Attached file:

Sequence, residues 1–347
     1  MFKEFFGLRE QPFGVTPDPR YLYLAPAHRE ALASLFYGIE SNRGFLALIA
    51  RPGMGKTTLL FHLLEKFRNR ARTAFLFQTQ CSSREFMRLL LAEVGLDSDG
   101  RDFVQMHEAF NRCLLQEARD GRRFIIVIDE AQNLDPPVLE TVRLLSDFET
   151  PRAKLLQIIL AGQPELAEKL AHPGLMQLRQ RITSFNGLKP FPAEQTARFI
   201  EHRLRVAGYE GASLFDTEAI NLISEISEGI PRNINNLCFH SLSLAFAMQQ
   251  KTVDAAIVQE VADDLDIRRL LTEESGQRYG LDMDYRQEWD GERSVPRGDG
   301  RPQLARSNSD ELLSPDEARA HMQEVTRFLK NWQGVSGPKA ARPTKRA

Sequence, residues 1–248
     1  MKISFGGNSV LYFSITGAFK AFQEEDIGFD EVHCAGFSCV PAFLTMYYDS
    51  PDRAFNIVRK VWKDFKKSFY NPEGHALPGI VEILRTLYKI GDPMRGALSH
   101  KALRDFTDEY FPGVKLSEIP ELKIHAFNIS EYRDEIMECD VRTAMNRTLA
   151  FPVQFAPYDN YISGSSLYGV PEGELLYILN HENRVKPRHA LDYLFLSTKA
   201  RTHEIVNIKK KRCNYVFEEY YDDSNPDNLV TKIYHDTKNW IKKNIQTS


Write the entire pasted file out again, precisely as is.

Sequence, residues 1–347
     1  MFKEFFGLRE QPFGVTPDPR YLYLAPAHRE ALASLFYGIE SNRGFLALIA
    51  RPGMGKTTLL FHLLEKFRNR ARTAFLFQTQ CSSREFMRLL LAEVGLDSDG
   101  RDFVQMHEAF NRCLLQEARD GRRFIIVIDE AQNLDPPVLE TVRLLSDFET
   151  PRAKLLQIIL AGQPELAEKL AHPGLMQLRQ RITSFNGLKP FPAEQTARFI
   201  EHRLRVAGYE GASLFDTEAI NLISEISEGI PRNINNLCFH SLSLAFAMQQ
   251  KTVDAAIVQE VADDLDIRRL LTEESGQRYG LDMDYRQEWD GERSVPRGDG
   301  RPQLARSNSD ELLSPDEARA HMQEVTRFLK NWQGVSGPKA ARPTKRA

Sequence, residues 1–248
     1  MKISFGGNSV LYFSITGAFK AFQEEDIGFD EVHCAGFSCV PAFLTMYYDS
    51  PDRAFNIVRK VWKDFKKSFY NPEGHALPGI VEILRTLYKI GDPMRGALSH
   101  KALRDFTDEY FPGVKLSEIP ELKIHAFNIS EYRDEIMECD VRTAMNRTLA
   151  FPVQFAPYDN YISGSSLYGV PEGELLYILN HENRVKPRHA LDYLFLSTKA
   201  RTHEIVNIKK KRCNYVFEEY YDDSNPDNLV TKIYHDTKNW IKKNIQTS